Iron Man’s solo series tie-ins are less thrilling seeing as how he gets himself captured after the first issue of World War Hulk. Issue #19 basically shows that first issue from Stark’s perspective, which doesn’t really add anything, while he’s barely present in #20 since he’s captured by Hulk the whole time (the focus leads to Dugan and SHIELD trying to pick up the pieces). The tie-ins are wholly unnecessary, but at least I can go back to reading Iron Man now!

In terms of just plain fun, the World War Hulk: X-Men tie-ins do a great job giving us exactly what we want to see: the Hulk fighting the X-Men. All of the X-Men. Also a few members of X-Factor, Excalibur, and all the teenage New X-Men. In three issues Hulk shows up at Xavier’s mansion, demands that Charles turn himself over as a member of the Illuminati, and the X-Men defend him. There’s some brutal fights here (and I enjoyed Leonard’s artwork here more than Romita’s in WWH) including Hulk absolutely crushing Wolverine’s face, bending Colossus’ arms back, and surviving the X-Jet crashing into him.

World War Hulk X-Men #2

In the end Mercury of the New X-Men has an emotional breakdown in the poignant graveyard. Yes, Xavier’s has to have it’s own damn cemetery – who the hell would send their kids to a school that has to have its own cemetery?? Anyway, Cessily cries about how they’ve lost so much in the wake of the Decimation and throws the rage back in Hulk’s face. Hulk is mollified and decides to leave them alone, correctly guessing that Xavier has suffered enough.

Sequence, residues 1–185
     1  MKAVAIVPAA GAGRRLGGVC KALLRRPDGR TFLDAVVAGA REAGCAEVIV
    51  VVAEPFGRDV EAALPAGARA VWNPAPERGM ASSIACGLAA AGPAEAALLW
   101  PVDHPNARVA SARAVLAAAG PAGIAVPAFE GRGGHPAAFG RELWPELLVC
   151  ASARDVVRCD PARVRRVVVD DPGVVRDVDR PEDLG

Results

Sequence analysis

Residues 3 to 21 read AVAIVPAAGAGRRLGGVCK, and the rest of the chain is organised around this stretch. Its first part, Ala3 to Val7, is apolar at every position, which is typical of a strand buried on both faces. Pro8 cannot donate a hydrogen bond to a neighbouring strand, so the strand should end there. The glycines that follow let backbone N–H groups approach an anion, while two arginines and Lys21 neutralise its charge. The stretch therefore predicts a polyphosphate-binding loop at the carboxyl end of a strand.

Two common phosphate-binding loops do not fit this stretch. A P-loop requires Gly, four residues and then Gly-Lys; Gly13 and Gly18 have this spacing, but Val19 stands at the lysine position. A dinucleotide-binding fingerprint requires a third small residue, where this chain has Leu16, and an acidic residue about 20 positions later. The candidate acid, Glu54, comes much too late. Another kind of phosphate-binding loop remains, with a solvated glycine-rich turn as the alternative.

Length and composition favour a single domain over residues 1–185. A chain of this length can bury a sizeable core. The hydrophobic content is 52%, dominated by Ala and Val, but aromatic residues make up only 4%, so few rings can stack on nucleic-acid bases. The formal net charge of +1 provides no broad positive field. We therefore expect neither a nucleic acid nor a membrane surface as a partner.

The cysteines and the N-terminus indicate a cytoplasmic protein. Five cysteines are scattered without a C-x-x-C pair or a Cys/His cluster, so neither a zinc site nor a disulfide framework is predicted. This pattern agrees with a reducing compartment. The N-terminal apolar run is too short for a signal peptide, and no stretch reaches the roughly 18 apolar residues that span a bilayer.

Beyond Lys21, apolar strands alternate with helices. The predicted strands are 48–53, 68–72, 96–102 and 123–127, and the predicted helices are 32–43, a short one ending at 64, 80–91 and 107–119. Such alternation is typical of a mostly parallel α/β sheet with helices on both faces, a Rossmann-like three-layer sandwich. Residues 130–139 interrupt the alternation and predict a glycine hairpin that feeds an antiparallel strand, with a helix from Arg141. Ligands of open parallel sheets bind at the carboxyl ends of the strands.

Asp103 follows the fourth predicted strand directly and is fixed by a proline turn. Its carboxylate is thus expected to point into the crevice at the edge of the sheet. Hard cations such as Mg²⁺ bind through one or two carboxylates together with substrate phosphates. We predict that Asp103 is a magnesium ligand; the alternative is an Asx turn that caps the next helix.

Finally World War Hulk has its own epilogue series called Aftersmash, namely Damage Control and Warbound. I skimmed through Damage Control on Marvel Unlimited, and it looked like a fairly boring story about a few heroes getting together to clean up the mess that is New York City. Warbound, however, stars the remaining members of Hulk’s alien crew. It’s awesome for fans of Planet Hulk as they really didn’t get much to do during World War Hulk.

world war hulk warbound #3With Hulk out of the picture they attempt to get away, and find themselves in New Mexico. An old Hulk villain named the Leader harnesses Hiroim’s powers to generate a gamma-dome, trapping a number of innocent people inside. It’s a fun little story that gives our displaced crew some nice action and drama, and introduces an interesting new character in SHIELD agent Kate Waynesboro. Unfortunately only the first three of the five issue arc is on Marvel Unlimited, forcing me to look up how it ends on WIkipedia. Dang!